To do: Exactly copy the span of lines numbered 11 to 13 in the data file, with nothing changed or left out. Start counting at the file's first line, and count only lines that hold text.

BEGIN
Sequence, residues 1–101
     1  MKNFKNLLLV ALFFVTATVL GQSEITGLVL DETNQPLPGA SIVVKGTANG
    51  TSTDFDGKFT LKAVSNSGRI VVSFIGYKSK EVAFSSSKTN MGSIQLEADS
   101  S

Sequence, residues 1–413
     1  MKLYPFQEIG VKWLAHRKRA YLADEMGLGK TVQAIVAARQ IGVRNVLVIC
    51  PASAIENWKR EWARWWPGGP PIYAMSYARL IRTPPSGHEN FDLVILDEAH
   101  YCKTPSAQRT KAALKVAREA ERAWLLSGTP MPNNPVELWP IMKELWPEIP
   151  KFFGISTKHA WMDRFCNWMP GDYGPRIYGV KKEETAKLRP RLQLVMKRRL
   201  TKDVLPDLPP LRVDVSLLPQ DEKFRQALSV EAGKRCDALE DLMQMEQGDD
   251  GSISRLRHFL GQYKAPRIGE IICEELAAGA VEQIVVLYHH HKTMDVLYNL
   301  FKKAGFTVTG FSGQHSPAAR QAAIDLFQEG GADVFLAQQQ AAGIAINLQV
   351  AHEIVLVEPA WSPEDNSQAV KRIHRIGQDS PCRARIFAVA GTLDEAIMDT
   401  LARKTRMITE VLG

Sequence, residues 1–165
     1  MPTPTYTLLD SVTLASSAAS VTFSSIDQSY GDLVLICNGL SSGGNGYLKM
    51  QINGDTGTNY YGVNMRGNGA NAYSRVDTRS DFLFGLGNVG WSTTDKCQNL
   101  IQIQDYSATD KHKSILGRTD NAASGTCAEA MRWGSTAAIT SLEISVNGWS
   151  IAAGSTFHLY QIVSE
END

   251  GSISRLRHFL GQYKAPRIGE IICEELAAGA VEQIVVLYHH HKTMDVLYNL
   301  FKKAGFTVTG FSGQHSPAAR QAAIDLFQEG GADVFLAQQQ AAGIAINLQV
   351  AHEIVLVEPA WSPEDNSQAV KRIHRIGQDS PCRARIFAVA GTLDEAIMDT